Thursday, February 19, 2015

The Collapse of Capitalism and the Rise of Military Dictatorships
Going Quietly Into the Night
 
By
 
Walter Libby

 
Marx begins the Communist Manifesto with: "The history of all hitherto existing society is the history of class struggles." What follows is the gist.
 
The bourgeoisie cannot exist without constantly revolutionizing the instruments of production, and thereby the whole relations of society...constant revolutionizing of production, uninterrupted disturbance of all social conditions, everlasting uncertainty and agitation distinguish the bourgeois epoch from all earlier ones.. The need of a constantly expanding market for it products chase the bourgeoisie over the whole surface of the globe . It must nestle everywhere, settle everywhere, establish connections everywhere...All established national industries have destroyed or are daily being destroyed.  The are dislodged by new industries  whose introduction becomes a life and death question for all civilized nations, by industries that no longer work up indigenous raw material, but raw material drawn from the remotest zones; industries whose products are consumed, not only at home, but in every quarter of the globe. In place of the old wants, satisfied by the production of the country, we find new wants, requiring for their satisfaction the products of distant lands and climes. In place of the old local and national seclusion and self-sufficiency, we have intercourse in every direction, universal inter-dependence of nations... The bourgeoisie, by the rapid improvement of all instruments of production, by the immensely facilitated means of communication [then the telegraph, now the internet], draws all, even the most barbarian, nations into civilization. The cheap prices of its commodities are the heavy artillery with which it batters down all Chinese walls, with which it forces the barbarians' intensely obstinate hatred of foreigners to capitulate. It compels all nations, on pain of extinction, to adopt the bourgeois mode of production; it compels them to introduce what it calls civilization into their midst, i.e., to become bourgeois themselves, In one word, it creates a world after its own image... It is enough to mention the commercial crises that by their periodical return put on trial, each time more threateningly, the existence of the entire bourgeois society... In these crises there breaks out an epidemic that, in all earlier epochs, would seemed an absurdity--the epidemic of overproduction...   society suddenly finds itself put back into a state of momentary barbarism; it appears as if a famine, a universal war of devastation had cut off the supply of every means of subsistence, industry and commerce seems to be destroyed; and why? Because there is too much civilization, too much means of subsistence, too much industry, too much commerce... And here it becomes evident that the bourgeoisie is unfit to be the ruling class in society... It is unfit to rule because it is incompetent to assure an existence to its slave within this slavery, because it cannot help letting him sink into such a state that it has to feed, instead of be fed by him.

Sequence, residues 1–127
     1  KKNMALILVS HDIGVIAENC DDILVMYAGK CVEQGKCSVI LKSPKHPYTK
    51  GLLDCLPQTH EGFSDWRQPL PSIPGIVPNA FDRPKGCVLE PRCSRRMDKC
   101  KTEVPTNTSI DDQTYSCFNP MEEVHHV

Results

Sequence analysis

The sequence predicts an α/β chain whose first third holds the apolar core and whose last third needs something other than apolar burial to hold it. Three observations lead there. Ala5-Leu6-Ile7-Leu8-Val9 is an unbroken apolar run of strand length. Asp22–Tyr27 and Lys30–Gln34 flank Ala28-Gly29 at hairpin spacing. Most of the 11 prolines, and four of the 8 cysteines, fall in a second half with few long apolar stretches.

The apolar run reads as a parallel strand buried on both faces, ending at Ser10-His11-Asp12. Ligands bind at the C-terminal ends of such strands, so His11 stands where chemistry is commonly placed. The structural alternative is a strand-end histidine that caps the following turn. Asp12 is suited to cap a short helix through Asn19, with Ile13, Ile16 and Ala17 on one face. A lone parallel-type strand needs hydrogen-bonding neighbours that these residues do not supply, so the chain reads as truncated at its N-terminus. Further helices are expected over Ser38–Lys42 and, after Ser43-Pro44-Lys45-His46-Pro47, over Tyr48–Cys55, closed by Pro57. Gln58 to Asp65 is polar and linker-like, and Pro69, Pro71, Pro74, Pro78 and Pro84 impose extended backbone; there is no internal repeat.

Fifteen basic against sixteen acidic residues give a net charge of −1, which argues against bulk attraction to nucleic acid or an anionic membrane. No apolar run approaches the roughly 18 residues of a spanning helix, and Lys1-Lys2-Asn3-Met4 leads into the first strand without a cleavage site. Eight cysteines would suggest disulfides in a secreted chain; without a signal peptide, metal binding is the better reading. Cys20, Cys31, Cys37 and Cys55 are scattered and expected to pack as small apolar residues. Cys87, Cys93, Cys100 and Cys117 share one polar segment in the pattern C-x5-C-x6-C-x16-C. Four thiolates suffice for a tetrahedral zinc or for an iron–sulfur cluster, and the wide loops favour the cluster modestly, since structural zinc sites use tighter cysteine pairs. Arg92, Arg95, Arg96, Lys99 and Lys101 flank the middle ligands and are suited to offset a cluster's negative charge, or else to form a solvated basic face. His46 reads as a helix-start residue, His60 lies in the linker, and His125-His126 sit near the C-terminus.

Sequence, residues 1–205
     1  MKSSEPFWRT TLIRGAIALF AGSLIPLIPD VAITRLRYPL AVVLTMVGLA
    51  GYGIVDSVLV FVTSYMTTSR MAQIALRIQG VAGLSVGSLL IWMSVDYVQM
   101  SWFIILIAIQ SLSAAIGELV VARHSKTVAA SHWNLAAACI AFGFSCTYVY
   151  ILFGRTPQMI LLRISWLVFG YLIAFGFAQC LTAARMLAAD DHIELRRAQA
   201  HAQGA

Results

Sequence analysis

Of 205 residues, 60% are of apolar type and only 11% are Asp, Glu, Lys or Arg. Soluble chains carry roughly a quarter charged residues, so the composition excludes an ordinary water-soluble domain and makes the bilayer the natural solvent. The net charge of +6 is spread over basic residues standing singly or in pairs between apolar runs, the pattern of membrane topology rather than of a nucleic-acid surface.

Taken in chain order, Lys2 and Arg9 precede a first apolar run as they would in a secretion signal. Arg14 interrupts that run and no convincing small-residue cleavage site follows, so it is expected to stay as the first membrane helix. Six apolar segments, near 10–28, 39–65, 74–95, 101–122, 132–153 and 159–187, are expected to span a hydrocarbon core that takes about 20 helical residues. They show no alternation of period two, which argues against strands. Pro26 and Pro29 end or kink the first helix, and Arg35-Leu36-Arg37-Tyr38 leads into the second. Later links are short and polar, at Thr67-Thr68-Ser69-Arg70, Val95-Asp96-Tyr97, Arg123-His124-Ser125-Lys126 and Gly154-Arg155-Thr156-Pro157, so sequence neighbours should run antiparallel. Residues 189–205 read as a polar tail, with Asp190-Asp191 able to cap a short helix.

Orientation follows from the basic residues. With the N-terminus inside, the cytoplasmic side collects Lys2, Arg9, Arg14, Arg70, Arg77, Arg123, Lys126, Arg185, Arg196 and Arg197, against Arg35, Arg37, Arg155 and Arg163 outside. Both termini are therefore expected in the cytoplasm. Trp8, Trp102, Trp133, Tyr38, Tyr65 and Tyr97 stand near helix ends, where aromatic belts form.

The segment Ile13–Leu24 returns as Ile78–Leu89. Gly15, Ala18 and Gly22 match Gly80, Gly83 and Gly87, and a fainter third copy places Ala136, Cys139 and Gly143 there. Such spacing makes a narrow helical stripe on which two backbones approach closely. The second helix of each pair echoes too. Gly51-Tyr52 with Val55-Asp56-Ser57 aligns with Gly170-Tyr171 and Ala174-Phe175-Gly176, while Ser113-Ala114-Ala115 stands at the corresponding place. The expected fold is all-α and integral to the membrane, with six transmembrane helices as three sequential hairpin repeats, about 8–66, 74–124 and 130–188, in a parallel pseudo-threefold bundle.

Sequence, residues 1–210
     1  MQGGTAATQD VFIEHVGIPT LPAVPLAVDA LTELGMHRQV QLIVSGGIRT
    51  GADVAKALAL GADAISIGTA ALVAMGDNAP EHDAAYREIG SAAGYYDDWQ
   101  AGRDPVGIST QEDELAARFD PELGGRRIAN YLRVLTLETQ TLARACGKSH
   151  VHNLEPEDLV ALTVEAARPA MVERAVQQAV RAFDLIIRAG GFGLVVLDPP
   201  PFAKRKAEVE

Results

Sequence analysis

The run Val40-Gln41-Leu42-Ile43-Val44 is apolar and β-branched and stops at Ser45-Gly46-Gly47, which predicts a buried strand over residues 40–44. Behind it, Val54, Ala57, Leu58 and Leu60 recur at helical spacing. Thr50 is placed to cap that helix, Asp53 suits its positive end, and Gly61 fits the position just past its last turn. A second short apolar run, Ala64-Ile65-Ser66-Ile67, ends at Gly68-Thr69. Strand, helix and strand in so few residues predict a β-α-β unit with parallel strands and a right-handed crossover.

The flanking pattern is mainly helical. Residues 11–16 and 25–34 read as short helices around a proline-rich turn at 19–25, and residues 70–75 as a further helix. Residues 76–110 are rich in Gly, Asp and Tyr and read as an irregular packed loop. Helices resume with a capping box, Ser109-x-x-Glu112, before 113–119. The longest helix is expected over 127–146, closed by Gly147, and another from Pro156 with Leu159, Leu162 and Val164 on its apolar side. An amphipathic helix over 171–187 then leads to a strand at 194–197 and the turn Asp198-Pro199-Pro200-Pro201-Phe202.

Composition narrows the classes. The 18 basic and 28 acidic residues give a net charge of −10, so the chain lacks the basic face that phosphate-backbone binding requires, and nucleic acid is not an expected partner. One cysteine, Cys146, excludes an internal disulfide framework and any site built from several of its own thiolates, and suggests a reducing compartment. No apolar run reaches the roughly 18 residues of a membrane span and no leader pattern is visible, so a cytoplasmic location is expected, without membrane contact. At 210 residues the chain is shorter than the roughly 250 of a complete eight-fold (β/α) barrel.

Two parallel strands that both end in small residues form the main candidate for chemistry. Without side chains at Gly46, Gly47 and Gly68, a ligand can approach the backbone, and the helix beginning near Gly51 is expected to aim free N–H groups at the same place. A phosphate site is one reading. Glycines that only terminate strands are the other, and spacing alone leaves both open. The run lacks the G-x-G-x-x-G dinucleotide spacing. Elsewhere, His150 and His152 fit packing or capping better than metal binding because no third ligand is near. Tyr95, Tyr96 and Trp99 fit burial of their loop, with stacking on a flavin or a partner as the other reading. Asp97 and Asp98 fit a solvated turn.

Eventually unemployment reaches a critical mass, the workers rise up, overthrow the existing order, seize the mode of production, establish a dictatorship of the proletariat that oversees the transition from socialism (getting ahold of the productive reins; where the dictate is: from each according to ability to each to work performed) to communism: from each according to ability to each according to need.
 
It's ironic that it was the lure of Chinese cheap labor that would crumble the walls of capitalism as  multinationals driven not so much by their quest for new markets, but by competition as they chased each other across the globe in a race to the bottom for cheaper labor, fewer regulations, and lower taxes. and when they nestled in communist China, they changed the dynamics of Marxism in a number of ways.
 
As multinationals offshored manufacturing to communist China, they became the so-called factory to the world. The  China price was rising unemployment in their respective countries. The contradiction is obvious. Centralizing manufacturing in China has changed the dynamics of Marxism, but the end result is the same; as the Untied States and Europe demand less from China, they in turn demand less from them; the phenomenon feeds on itself and the global economy collapses. But, there is always a but.

In the United States those lost jobs were masked by a booming dot.com bubble. With its bust the Fed lowered rates, a Republican Congress when on a spending spree[swapping]principle for  power, while those low interest rates led to a surge in residential construction and a housing bubble. As prices inflated there was a rush of cash-out refinancing that financed the purchase of everything from electronic gadgets, to home remodeling to new cars and trucks. Quite the stimulus package. When the bubble popped, and prices plummeted they found themselves underwater, and so too the nation; the financial system crashed plunging the nation and world into the Great Recession. In the United States the response was Keynesianism; fiscal and monetary stimulus.

Obama's Recovery Act and the Fed's rock bottom interest rates stimulated demand (here and in China) that led to a modest recovery; those too discouraged to look for work (the participation rate) are not counted, giving a positive spin to the unemployment rate. And even factoring that out, it's not all that rosy; most of the new jobs are low-wage or part-time; wages continue to stagnate; too many live from paycheck  to paycheck, receive food stamps, go deeper in debt while robots continue to take their share of jobs. Altogether, not much bang for the buck.

In 2008 the federal debt was ten trillion dollars, today it stands at 18 trillion and counting.
Since it's an ongoing trend, we can assume that we went in hock somewhere in the neighborhood of another four trillion dollars. However, our debt is just a symptom; it is directly linked to our rising trade deficits that are directly linked to globalism.  As workers lose jobs to the global economy and offshoring, the government loses revenue; the easy way out is to borrow money. The debt is a problem, it's not payable. So why would China, (and others) invest in U.S. bonds? If they cashed in dollars for the Yuan it would strengthen their currency; exports would become more expensive and imports less so. It's a form of currency warfare. Nonetheless, it does prop up our government. But given the contradictions inherent in capitalism, its underlying  message is clear; we are living on borrowed money and borrowed time.